Facebook whistleblower sparks important discussions surrounding social media

Healthy or hurtful?


Valentina Contreras

The testimony given by Ms. Frances Haugen on Oct. 5 has raised many questions surrounding the ethics of social media

After an attention-grabbing appearance on 60 minutes on Sunday night, former Facebook employee Ms. Frances Haugen, who is now widely known as the “Facebook whistleblower”, spoke before the Senate Commerce, Science and Transportation subcommittee regarding several issues she encountered in her time as a Facebook employee on Tuesday, Oct. 5. 

Throughout her testimony, Haugen made one recurring point in particular: when faced with decisions between company profit and the wellbeing of its users, Facebook will choose the money without hesitation. She said, “I saw Facebook repeatedly encounter conflicts between its own profits and our safety. Facebook consistently resolved these conflicts in favor of its own profits.” Haugen, who worked as a product manager on the civic misinformation team in her time at Facebook, has extensive knowledge when it comes to issues like misinformation and hate speech. Haugen’s testimony has captured a remarkable amount of attention from the media and the public, and has raised important questions surrounding how companies like Facebook can protect citizens and democracy in the digital era.


I saw Facebook repeatedly encounter conflicts between its own profits and our safety. Facebook consistently resolved these conflicts in favor of its own profits”

— Ms. Frances Haugen


Facebook has undoubtedly dominated the world of technology since its launch in 2004, and now boasts ownership of some of the most powerful companies in the world including Instagram, WhatsApp and Oculus VR. Haugen, who previously worked for other tech giants like Google, Pinterest and Yelp, is no stranger to the systems of algorithms and the massive influence these companies hold. Haugen said, “Having worked on four different types of social networks, I understand how complex and nuanced these problems are.” Haugen did not hesitate to place direct criticisms on the algorithms used for Facebook and Instagram while emphasizing the power and influence these sites have over their users in her testimony.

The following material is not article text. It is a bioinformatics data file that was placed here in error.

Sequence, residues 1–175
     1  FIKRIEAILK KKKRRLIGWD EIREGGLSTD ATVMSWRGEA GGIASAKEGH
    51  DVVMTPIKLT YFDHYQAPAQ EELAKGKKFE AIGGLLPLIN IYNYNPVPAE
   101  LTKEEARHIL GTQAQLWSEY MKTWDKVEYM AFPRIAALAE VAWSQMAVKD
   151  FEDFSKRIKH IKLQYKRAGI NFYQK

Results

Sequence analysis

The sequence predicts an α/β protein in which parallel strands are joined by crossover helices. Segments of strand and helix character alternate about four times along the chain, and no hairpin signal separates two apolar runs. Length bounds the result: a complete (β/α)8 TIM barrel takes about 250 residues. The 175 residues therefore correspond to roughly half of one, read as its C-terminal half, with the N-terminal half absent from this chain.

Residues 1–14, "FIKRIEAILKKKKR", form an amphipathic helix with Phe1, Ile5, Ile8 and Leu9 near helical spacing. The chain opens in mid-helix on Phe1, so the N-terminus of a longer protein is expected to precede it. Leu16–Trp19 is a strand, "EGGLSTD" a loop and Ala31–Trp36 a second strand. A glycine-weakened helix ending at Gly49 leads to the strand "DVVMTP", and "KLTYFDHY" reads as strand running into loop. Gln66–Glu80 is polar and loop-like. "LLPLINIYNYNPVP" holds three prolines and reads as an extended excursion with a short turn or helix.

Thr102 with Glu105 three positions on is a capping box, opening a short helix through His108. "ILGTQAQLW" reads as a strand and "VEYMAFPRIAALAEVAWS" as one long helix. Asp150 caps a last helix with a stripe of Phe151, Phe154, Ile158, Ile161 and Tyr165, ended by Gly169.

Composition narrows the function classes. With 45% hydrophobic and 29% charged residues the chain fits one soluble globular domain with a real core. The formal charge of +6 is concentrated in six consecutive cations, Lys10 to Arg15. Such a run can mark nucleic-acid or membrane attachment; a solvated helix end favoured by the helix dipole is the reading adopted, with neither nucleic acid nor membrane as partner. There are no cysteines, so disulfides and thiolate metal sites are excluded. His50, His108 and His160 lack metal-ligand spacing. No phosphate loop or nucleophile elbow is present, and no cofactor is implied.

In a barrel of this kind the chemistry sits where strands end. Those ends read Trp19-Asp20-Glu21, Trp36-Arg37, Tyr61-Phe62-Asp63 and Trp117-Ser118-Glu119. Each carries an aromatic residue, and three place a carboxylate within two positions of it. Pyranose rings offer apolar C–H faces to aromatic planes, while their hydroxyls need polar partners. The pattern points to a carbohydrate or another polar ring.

Protecting the impressionable: social media and teens

Facebook, which also owns Instagram and WhatsApp, in addition to criticism over the nature of its algorithm, is facing backlash over additional internal research suggesting that social media sites such as Instagram can be harmful to teens. Studies leaked by Haugen suggest that Instagram is harmful to teen mental health and worsens insecurity. Haugen said, “Kids are saying, ‘I am unhappy when I use Instagram and I can’t stop. If I leave I’m afraid I’ll be ostracized.’” Differing from Facebook, Instagram is designed to speak solely in visual content. With this comes the complicating factors of photoshop and professional hair and makeup, distorting the reality that is presented on the app.

Unfortunately, the negative relationship between social media and young people is frequently seen in our community.

At OHS, social media-related issues are frequently seen by counselors. Counselor Ms. Tami Langlois said, “I think it can definitely be a helpful tool, like for keeping kids connected, but I think it also can be harmful because sometimes you just can’t get away from certain situations.” To avoid the overwhelming negativity that is often met on these platforms, some students are making an effort to only engage with and follow positive content. Sophomore Kate Sande said, “I’m very aware of who I follow on social media so that I can put out positive things and also take in positive things while I’m scrolling.” 

Despite the ability to try to “curate” social media feeds to avoid harmful or hateful content, many students including Sande say they have come across alarming content on social media such as hate speech. Some students come across this harmful content on a very frequent basis. Junior Aiden Engel said, “Basically every day.” Haugen’s testimony has brought the issue of a lack of protections for the impressionable to the forefront of many conversations, and many people are now agreeing that more should be done to protect social media users and to improve the integrity of the platforms. 

I’m very aware of who I follow on social media so that I can put out positive things and also take in positive things while I’m scrolling.”

— Sophomore Kate Sande

What’s next for Facebook?

With many now sharing an enlightened perspective on the flaws within Facebook and its sites, there is an opportunity for Facebook to change and improve. Pleading to the senators to incite government action, Haugen said, “Left alone, Facebook will continue to make choices that go against the common good. Our common good. When we realized big tobacco was hiding the harms it caused, the government took action.” 

Regardless of Facebook’s responsive course of action, it is certainly here to stay. With billions of users, Facebook has become an innate part of the world. Haugen said, “Even those who don’t use Facebook are impacted by the majority who do. A company with such frightening influence over so many people, over their deepest thoughts, feelings and behavior, needs real oversight.”

The conversations that have arisen from Haugen’s arguments, brought into the spotlight of the media and the public, are crucial to have as the digital sphere dominates the world now and for generations to come.